Some days, when I’m sitting at my work desk trying to understand another journal paper on water sensitivity (no it’s not a medical condition), I think back to the simple times way back in 2013 in my marine science classes when we discussed chitons, radulas and which phylum these amazing creatures fit into – have a guess without looking it up!
Originally posted on Dalton Koss HQ:
Visitors to coastal shores often come across unusual looking animals hidden in rock crevices. Here at Dalton Koss HQ we strive to help make sense of these unusual sea creatures by sharing our marine knowledge.
Chitons are one of these more unusual finds that many coastal visitors find on the rocky shoreline. With the Ch pronounced as a k sound, chitons have a fossilised appearance due to their numerous armoured plates. In fact, some people call Chitons the armadillos of the ocean as they are able to curl up into a ball using their armoured plates as protection.
The armoured plates grow from the head to the foot of their body providing protection and camouflage from predators, hence why this animal is also commonly known as the coat-of-mail. The actual animal grows and lives under these armoured plates and its body is not segmented like its armour.
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Originally posted on Ocean acidification:
Work type:Fixed term – Full-time
Categories:Faculty of Sciences
Closing date: 10 April 2015
The University of Adelaide is one of Australia’s leading Group of Eight, research-intensive universities and is consistently ranked among the top 1% of universities in the world. Established in 1874, it is Australia’s third oldest university with a strong reputation for preparing educated leaders and delivering research outcomes that contribute to local, national and global wellbeing.
The Faculty of Sciences is one of five faculties at the University of Adelaide. As the first university in Australia to grant degrees in science (1882), science has long been at the cornerstone of the institution and this continues today. As a research and education leader in fields such as biomedical sciences, agricultural, environmental and earth sciences, and photonics, the faculty offers an exciting and innovative work environment.
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When I was Sydney last October, preparing for the IUCN World Parks Congress with the French marine protected areas agency, this headline above was splashed in similar formats across several Australian newspapers.
Shark scientists were kept very busy responding to misinformation, stupidity and downright dangerous reporting in the Australian spring and summer – and this headline (and the strapline above it about the ‘4.5m monster’ shark) summed up the challenge they and shark conservationists face. It was absurd for the writer and editor to let this go through:
- the surfer’s arms were not ‘ripped off’, the writers make it clear in the introduction that he lost parts of both arms
- a 4.5m shark (if that was even the correct size) is not a monster in size. If it had been a validated sighting of a 6m white shark, I would have been more impressed.
My most popular article from this irregularly-updated blog is another shark attack post that made exactly the same criticisms I can make two years later. I image the people googling that phrase came across the post, saw it was attaching the whole tabloid concept of ‘shark attacks’ and left to find juicy photos of actual shark encounters.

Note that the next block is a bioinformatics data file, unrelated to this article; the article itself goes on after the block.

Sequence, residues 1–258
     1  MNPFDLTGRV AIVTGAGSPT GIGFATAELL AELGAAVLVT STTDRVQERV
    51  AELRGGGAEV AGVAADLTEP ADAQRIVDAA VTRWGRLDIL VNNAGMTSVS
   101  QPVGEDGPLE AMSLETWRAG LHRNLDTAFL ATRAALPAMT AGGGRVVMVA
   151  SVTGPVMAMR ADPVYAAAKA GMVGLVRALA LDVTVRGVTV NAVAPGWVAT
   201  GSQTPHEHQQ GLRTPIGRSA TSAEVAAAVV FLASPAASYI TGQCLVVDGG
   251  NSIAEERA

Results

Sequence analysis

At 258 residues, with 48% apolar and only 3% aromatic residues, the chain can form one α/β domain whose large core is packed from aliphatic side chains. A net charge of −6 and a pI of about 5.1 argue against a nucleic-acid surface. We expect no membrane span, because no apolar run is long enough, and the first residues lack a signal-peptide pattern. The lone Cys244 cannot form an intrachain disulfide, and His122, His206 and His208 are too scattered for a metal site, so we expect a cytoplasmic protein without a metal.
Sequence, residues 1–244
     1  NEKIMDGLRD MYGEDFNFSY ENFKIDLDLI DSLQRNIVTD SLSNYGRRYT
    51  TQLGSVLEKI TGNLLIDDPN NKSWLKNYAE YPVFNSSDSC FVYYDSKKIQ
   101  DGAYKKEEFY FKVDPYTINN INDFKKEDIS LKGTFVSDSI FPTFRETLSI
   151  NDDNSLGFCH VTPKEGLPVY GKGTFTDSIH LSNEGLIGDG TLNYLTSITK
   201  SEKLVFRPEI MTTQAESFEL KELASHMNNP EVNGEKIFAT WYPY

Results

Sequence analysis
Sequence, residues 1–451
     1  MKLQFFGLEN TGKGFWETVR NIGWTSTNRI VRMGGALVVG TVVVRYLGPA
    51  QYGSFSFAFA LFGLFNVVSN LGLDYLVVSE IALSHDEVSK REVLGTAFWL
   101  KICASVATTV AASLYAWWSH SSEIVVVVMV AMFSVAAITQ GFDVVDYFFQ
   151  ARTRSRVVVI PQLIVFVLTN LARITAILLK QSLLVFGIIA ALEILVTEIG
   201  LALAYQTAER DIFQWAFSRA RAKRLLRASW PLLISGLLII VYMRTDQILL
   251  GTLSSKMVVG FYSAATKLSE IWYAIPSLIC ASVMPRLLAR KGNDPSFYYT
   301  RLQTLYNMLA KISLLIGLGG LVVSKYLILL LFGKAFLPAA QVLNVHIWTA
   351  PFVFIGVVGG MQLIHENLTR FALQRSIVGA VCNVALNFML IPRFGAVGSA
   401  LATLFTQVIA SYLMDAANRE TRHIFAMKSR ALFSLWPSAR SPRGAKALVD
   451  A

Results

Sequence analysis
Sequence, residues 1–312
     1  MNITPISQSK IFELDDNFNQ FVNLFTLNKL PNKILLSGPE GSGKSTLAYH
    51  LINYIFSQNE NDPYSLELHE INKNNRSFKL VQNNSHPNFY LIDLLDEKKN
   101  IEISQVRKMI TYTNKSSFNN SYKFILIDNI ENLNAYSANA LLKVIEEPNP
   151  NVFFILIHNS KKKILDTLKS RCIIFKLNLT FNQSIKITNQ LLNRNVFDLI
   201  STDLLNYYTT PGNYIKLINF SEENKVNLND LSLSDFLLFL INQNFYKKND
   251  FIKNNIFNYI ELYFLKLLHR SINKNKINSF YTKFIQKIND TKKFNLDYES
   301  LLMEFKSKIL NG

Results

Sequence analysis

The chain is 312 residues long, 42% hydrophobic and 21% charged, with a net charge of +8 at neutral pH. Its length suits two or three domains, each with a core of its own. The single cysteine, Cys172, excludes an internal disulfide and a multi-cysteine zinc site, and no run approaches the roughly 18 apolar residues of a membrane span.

Because that’s what these incidents are: encounters. The increased populations around coastal areas in the warmer months, coupled with overfishing of shark prey species, surfers spending longer in the ocean due to thicker and more comfortable wetsuits, climate change and other unpredictable factors, is leading to more encounters with sharks. And if one in 1000 of those encounters ends in a shark bite, we shouldn’t be surprised every time and call for that shark’s head. This only supports the view of shark fishers that they are removing dangerous animals from the ocean, rather than murdering an endangered animal (in the case of some shark species).
Australian Geographic posted a great article about shark research that revealed we are to blame for shark attacks due to the factors mentioned above. And no matter how big a year we have for shark ‘assaults’, it pales in creation to deaths from car crashes, domestic injuries and even bee stings:
So far in 2011, there have been at least 61 recorded attacks and 10 deaths. However, compared to deaths from smoking, road accidents, lightning strikes or even other animal attacks, the risk is minute, say experts.
So please can we stop with the tabloid shark bashing, stick to the boring but correct title of shark encounters and help target the real villains in this debate: fishing trawlers that are destroying the shark-prey food chain and governments who keep approving shark hunting after each encounter in the misguided view that killing that one ‘manhunter’ shark will end the chance of any further shark bites.
Anyone who has ever travelled a decent amount of Australia could make a list of their top 10 places to visit. When it comes to Victoria, the most common one I hear is the Great Ocean Road and the 12 Apostles.
Having lived for three years at the end of the GOR and within an hour of the Apostles, I admit they are impressive, easy to get to and make for some nice tourist happy snaps. But for some of Australia’s best (southern) beaches, Wilsons Promontory – known as the Prom – beats anything that big windy road has to offer.
Do a Google Search for Wilsons Prom though and beyond the great Parks Victoria pages, it’s hard to find a decent site with much details on things to do and see at the Prom. This despite the region having some of Australia’s best hiking, most beautiful beaches in the right conditions and a variety of overly-friendly wildlife (see third photo of the wallaby who wouldn’t leave us alone).